I met Jon on a boat. We sailed the Stavanger Bay together during Nuart 2017. Our sail was dressed with an eye chart like the one used by optometrists. Artist Igor Ponosov meant for it to symbolize the distance between public art and its audience; a gap that Jon Reid is definitely working hard to close with his cultural blog “Dancing in the Dark – Creativity & Culture in Aberdeen and Beyond”
I met CeePil last summer in Bristol, where he was painting the back of the legendary Tap and Barrel Pub for Upfest 2018 alongside Smok and ShitOne. When I knew I was going to travel to Ghent, I asked him to meet for an interview and he invited me over to DOK, an amazing factory-turned-cultural-center where we sat for a cup of coffee…
Unlike many other cities, Ghent’s street art legacy developed from the bottom-up, rooted in the passion of local artists and their connections to international artists whom they invited to paint.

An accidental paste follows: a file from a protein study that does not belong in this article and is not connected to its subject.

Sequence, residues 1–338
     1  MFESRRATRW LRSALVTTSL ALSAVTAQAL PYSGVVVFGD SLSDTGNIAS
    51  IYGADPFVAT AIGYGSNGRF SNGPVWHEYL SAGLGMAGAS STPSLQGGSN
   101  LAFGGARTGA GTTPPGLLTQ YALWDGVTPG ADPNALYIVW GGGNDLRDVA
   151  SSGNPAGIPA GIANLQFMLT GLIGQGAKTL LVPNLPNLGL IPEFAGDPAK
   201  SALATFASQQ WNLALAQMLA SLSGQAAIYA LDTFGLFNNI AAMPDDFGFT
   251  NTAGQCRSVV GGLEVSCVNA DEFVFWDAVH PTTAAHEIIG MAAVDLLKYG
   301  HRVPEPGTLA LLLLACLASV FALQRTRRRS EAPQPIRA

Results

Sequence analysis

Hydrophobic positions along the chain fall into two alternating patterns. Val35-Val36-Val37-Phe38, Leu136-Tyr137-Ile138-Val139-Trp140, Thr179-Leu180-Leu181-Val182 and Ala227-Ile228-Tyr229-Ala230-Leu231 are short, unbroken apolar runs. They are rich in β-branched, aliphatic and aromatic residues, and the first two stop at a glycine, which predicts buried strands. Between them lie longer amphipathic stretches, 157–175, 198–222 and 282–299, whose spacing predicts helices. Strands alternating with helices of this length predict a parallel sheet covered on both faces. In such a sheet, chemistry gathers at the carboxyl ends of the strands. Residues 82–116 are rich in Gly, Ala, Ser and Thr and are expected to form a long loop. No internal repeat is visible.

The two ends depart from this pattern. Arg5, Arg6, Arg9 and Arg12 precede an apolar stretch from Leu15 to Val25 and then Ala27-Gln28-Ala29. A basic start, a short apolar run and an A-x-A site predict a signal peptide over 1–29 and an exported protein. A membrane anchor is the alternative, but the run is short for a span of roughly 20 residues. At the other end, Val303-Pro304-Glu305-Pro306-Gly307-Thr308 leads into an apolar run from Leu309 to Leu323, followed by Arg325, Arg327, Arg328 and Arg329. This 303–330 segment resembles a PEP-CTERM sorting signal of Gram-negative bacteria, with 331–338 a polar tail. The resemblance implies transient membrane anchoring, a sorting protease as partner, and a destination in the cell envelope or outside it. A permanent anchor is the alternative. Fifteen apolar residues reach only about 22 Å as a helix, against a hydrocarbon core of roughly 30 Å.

There is a no-place in Montesilvano where cars, trains, bikes and pedestrians frequently cross. Multi-level linear paths all intersect her before carrying on their trajectory towards the vanishing points. There is a beautiful park on both sides, and the blue sea rests not too far away, although once you are caught up in the traffic that flows through Sottopasso Aldo Moro, all you can hear is the noise of the cars, whose engines roar through the two tunnels that serve as the entrance and exit of the city, and a train clanking past every twenty minutes or so.
I haven’t been to Prague for 20 years, and yet I immediately felt at home. It must have been for the language, so similar to Slovene that I can understand a good 50% of what people say.
The warmth of this unexpected homey feeling compensated for the fact that I hadn’t spotted much street art in Prague.